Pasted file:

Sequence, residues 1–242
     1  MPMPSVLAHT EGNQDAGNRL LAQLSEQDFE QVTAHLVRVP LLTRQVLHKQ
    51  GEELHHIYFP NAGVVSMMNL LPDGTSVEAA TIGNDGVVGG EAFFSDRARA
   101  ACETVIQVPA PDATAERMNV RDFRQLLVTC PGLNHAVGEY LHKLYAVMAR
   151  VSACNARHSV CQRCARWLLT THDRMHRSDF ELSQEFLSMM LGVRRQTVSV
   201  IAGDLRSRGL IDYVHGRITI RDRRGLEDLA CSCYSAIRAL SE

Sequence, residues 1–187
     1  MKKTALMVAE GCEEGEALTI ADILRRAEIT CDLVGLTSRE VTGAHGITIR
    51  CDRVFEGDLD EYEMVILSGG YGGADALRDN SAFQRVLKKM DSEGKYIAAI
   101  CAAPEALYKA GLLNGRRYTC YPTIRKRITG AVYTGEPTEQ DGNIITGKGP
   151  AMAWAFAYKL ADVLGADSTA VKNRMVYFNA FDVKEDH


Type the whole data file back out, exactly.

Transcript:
Sequence, residues 1–242
     1  MPMPSVLAHT EGNQDAGNRL LAQLSEQDFE QVTAHLVRVP LLTRQVLHKQ
    51  GEELHHIYFP NAGVVSMMNL LPDGTSVEAA TIGNDGVVGG EAFFSDRARA
   101  ACETVIQVPA PDATAERMNV RDFRQLLVTC PGLNHAVGEY LHKLYAVMAR
   151  VSACNARHSV CQRCARWLLT THDRMHRSDF ELSQEFLSMM LGVRRQTVSV
   201  IAGDLRSRGL IDYVHGRITI RDRRGLEDLA CSCYSAIRAL SE

Sequence, residues 1–187
     1  MKKTALMVAE GCEEGEALTI ADILRRAEIT CDLVGLTSRE VTGAHGITIR
    51  CDRVFEGDLD EYEMVILSGG YGGADALRDN SAFQRVLKKM DSEGKYIAAI
   101  CAAPEALYKA GLLNGRRYTC YPTIRKRITG AVYTGEPTEQ DGNIITGKGP
   151  AMAWAFAYKL ADVLGADSTA VKNRMVYFNA FDVKEDH